The Rods
So no fishing rod manufacturer would have a chance to surreptitiously soup up a test version, I picked out my "victims-¿ from retail outlets, paying between $28 and $80 for the kinds of midpriced models most people use most of the time. All were 6 or 6¿¿ feet long and one piece, so I didn't have to deal with ferrule-strength issues. To make the group comparable according to factory specs, I chose medium- to heavy-power rods, the kind commonly used in largemouth bass fishing, rated for lines testing to as much as 17 or 20 pounds. The Results
The breaking points of supposedly comparable rods varied widely, from a low of 22.4 pounds to a high of 44.6 pounds. The one rod that I was unable to send to a premature death-"a Shakespeare Ugly Stik-"carried an incredible 55-pound load without snapping (I ran out of weights at that point and gave up). Notably, strength was not related to suggested retail price; the Ugly Stik was the least expensive fishing rod I tested. Varied test results aside, these are (or were) all perfectly good fishing rods. For one thing, any monofilament line commonly used with any of them would break long before the rod did, and it's even more likely that the hooks would either straighten out or pull free from a big fish. And strength isn't the only consideration when you're choosing a rod; other attributes such as overall weight and action are important, too (a broomstick would likely have been stronger than any rod I tested). Mostly, I was surprised by the loads all of these rods could carry. I had expected much less. But I now know the type of stress I can put to bear in certain angling situations, such as fighting a trophy gamefish or hauling back hard to get free of a snag. Spencer Jones
The Test: What It Takes to Snap a Rod
I built a fixture to clamp the rod grips rigidly at a 45-degree angle above horizontal. This is about the same angle at which I’d hold a rod to fight a big fish. I strung each rod with parachute cord, tying one end off at the reel seat, and the other to a bucket a few inches from the rod tip. By my side I had a pile of assorted lead ingots (for molding sinkers and jigs), and I dropped them in the bucket, one at a time, putting a bend in the rod that grew deeper with every step. Adding each weight was like tickling a dragon’s tail, and I found myself wincing until, finally, KA-POW!-“the butt would snap. This was great fun. It was also dangerous, so don’t try it at home. Then I weighed the bucket and its contents to determine what weight caused the rod to break. What breaks a rod Field & Stream Online Editors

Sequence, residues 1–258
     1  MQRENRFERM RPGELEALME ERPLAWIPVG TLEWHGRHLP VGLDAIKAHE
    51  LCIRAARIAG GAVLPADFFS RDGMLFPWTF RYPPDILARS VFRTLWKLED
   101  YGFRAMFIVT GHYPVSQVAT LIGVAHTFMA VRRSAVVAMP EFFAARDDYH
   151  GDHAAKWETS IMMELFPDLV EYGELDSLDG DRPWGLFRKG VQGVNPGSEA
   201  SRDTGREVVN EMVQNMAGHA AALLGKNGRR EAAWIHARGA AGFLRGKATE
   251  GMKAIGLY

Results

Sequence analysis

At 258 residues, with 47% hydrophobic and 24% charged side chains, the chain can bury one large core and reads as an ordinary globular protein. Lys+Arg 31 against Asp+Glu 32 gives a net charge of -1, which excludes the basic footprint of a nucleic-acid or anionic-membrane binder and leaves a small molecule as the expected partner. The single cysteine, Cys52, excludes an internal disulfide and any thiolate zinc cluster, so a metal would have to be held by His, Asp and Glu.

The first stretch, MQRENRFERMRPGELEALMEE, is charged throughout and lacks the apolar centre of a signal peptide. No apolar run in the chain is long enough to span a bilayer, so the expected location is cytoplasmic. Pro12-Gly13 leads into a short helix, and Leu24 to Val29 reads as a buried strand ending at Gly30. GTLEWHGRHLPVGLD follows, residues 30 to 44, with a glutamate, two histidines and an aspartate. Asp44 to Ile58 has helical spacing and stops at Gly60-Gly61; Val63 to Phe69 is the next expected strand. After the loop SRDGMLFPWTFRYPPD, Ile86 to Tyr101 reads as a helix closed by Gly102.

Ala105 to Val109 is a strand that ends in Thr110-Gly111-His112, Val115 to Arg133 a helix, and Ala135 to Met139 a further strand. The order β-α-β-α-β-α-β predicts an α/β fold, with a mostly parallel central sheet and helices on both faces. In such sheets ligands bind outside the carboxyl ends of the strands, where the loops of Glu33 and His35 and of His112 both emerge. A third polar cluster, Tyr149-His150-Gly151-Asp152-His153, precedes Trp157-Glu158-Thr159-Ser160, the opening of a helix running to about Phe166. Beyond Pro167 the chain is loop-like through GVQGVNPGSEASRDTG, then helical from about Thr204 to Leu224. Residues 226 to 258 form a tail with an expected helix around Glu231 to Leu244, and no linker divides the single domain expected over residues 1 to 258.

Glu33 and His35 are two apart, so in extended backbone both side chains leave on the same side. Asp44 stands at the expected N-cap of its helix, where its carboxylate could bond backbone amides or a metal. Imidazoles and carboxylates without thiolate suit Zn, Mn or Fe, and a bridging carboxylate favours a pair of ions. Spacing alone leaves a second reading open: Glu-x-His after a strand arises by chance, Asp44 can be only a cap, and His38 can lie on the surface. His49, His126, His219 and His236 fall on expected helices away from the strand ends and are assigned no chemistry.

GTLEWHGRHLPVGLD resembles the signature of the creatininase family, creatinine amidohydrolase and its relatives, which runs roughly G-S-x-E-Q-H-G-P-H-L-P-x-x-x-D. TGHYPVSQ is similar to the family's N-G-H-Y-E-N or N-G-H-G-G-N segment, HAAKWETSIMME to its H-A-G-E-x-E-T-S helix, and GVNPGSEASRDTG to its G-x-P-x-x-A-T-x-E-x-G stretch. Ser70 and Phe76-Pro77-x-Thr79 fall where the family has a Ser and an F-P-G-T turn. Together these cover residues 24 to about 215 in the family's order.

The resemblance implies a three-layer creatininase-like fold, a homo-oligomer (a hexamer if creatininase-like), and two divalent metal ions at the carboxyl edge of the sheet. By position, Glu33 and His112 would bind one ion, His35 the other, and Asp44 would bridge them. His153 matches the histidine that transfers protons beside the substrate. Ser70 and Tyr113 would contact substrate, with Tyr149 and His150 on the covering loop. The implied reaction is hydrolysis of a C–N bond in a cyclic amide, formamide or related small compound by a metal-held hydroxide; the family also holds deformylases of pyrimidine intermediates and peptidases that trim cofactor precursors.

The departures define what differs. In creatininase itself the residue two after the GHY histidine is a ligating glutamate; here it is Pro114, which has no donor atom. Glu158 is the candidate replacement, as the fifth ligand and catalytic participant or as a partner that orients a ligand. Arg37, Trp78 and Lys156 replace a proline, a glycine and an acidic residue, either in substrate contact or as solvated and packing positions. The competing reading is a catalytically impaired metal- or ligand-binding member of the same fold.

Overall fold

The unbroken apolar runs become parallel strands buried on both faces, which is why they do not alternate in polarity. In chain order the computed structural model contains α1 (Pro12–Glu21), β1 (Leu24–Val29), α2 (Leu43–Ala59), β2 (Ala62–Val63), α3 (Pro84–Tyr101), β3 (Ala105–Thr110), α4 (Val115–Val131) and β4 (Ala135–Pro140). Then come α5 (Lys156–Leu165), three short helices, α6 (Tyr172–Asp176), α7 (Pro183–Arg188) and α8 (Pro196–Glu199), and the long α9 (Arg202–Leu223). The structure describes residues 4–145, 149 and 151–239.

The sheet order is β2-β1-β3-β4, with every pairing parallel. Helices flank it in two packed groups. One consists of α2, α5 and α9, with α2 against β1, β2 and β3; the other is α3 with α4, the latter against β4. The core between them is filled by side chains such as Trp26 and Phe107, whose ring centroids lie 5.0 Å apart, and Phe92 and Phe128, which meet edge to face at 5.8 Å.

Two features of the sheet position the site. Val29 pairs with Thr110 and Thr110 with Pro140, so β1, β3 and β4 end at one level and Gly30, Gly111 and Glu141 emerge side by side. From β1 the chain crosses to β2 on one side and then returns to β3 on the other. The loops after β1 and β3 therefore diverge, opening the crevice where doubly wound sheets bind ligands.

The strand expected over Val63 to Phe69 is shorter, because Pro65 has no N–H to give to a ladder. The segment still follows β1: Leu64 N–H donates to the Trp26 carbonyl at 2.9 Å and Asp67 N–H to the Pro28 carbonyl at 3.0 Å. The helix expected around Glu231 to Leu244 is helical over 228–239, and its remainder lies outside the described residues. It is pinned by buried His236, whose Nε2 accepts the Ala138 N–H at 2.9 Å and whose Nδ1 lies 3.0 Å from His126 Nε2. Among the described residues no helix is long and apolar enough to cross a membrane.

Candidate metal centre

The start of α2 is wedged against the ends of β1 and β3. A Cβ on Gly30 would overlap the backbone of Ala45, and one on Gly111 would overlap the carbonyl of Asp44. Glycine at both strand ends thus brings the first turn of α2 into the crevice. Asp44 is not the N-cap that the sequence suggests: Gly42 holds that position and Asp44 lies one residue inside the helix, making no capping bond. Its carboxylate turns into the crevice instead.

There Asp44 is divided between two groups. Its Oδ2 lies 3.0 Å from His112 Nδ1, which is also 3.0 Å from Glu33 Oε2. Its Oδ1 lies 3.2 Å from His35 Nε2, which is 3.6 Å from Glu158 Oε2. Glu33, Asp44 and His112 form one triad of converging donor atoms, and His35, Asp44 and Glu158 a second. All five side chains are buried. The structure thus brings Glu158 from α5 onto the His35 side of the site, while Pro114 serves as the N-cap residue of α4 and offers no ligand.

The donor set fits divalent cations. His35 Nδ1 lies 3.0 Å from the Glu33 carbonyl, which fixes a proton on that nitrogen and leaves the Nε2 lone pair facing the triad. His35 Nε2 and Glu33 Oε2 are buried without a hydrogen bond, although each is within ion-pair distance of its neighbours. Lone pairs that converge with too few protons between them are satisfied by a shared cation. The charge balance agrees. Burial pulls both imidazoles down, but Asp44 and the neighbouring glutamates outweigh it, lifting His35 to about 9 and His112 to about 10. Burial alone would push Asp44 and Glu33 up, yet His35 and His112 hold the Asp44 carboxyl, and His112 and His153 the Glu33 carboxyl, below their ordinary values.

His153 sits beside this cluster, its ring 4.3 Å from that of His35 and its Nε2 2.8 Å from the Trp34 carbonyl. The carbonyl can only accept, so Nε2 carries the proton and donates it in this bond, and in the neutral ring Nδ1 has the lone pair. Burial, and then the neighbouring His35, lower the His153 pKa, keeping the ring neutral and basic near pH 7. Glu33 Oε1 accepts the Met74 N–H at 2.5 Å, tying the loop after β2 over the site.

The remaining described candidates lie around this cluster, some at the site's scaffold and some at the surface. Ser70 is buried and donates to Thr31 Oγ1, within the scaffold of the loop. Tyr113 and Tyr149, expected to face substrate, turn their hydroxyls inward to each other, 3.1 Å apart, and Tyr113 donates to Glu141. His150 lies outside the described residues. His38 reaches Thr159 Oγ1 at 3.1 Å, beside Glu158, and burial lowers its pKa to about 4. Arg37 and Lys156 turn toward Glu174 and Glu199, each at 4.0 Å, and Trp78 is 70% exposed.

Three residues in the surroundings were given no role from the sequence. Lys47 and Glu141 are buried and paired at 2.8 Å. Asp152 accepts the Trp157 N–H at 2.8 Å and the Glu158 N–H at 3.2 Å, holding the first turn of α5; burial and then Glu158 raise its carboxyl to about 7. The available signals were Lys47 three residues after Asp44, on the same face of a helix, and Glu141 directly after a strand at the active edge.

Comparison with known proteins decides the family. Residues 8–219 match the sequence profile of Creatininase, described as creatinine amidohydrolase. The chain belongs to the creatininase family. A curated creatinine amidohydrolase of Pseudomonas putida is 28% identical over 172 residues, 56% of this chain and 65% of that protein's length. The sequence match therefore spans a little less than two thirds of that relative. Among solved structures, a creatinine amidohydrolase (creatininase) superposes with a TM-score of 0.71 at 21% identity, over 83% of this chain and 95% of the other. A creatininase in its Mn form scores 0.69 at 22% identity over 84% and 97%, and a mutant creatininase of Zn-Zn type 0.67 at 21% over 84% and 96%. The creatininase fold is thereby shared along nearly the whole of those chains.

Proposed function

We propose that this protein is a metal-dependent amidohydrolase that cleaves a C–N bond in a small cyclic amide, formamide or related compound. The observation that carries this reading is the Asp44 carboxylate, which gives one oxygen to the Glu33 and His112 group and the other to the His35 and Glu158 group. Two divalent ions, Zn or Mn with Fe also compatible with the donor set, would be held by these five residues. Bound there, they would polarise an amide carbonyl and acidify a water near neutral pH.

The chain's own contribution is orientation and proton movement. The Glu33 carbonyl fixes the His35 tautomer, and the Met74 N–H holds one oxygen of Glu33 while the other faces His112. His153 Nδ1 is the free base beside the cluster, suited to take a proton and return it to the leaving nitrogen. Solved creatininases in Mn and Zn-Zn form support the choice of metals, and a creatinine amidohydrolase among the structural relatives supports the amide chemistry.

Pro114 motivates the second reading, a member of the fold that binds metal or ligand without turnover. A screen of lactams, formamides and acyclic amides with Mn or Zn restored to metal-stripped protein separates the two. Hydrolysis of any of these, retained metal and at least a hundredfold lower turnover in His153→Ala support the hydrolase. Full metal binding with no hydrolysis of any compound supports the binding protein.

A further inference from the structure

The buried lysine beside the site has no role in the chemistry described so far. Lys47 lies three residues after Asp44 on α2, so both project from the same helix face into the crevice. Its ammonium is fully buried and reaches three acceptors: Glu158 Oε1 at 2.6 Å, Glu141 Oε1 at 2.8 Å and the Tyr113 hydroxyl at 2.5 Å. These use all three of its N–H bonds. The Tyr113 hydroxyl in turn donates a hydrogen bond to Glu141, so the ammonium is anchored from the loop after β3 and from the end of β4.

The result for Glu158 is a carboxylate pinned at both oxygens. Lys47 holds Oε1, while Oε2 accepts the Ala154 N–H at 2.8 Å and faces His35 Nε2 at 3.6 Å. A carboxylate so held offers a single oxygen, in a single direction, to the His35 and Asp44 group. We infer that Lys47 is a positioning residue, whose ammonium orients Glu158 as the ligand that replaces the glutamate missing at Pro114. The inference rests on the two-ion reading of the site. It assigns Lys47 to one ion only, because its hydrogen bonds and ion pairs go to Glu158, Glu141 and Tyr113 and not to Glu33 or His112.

Ugly Stiks have been among the world’s bestselling rods since they were first introduced in 1976. Built of a graphite-fiberglass mix, they are unbelievably strong and tend to be heavier and use lower-end components than premium all-graphite rods. If sheer pulling power is your primary concern, this is your rod. Rod Tested: Shakespeare
Model: Ugly Stik SPL1100
Price: $28
Length (ft.): 6
Lure Rating (oz.): ¿¿ -” ¿¿
Line Rating (lb.-test): 8 -” 20
Break Strenght (lb. deadlifted): 55 (unbroken) Spencer Jones
With first-class components and based on a medium-stiff graphite fiber, the powerful Medallion GT is an exceptional value at $50. Rod Tested: Browning
Model: Medallion GT MD66MHS
Price: $50
Length (ft.): 6¿¿
Lure Rating (oz.): ¿¿ -” 5/8
Line Rating (lb.-test): 6 -” 17
Break Strenght (lb. deadlifted): 39.5 Spencer Jones
Bass Pro
This Bionic Blade spinning rod uses a higher-modulus graphite than most of the others tested and has a reinforced butt section. Notably, its butt cap is threaded to accept balance weights, a worthwhile feature. Rod Tested: Bass Pro
Model: Bionic Blade BNC60MHS
Price: $60
Length (ft.): 6
Lure Rating (oz.): ¿¿ -” 5/8
Line Rating (lb.-test): 6 -” 17
Break Strenght (lb. deadlifted): 31.7 Spencer Jones
The Fish Eagle II graphite spinning rod is the most nicely finished of the bunch, with an attractive green blank topped by premium guides and a full-cork grip. **Rod Tested: Cabela’s **
Model: Fish Eagle II GS665
Price: $80
Length (ft.): 6¿¿
Lure Rating (oz.): 3/8 -” 1
Line Rating (lb.-test): 8 -” 20
Break Strenght (lb. deadlifted): 30.6 Spencer Jones
The Lightning Rod ProLite graphite spinning rod has an unusual Qwik-Lok reel seat that slides and locks in place to hold the reel. **Rod Tested: Berkley **
Model: Lightning Rod ProLite LPLS601MH
Price: $50
Length (ft.): 6
Lure Rating (oz.): ¿¿ -” 1
Line Rating (lb.-test): 8 -” 17
Break Strenght (lb. deadlifted): 23.1 Spencer Jones
The rod I tested is part of the company’s Original series, which features 100 percent graphite construction. The medium-heavy-power model feels light in the hand relative to its strength, which enhances sensitivity in fishing. Rod Tested: Falcon
Model: FS-5-166
Price: $70
Length (ft.): 6¿¿
Lure Rating (oz.): ¿¿ -” 5/8
Line Rating (lb.-test): 10 -” 17
Break Strenght (lb. deadlifted): 22.4 Spencer Jones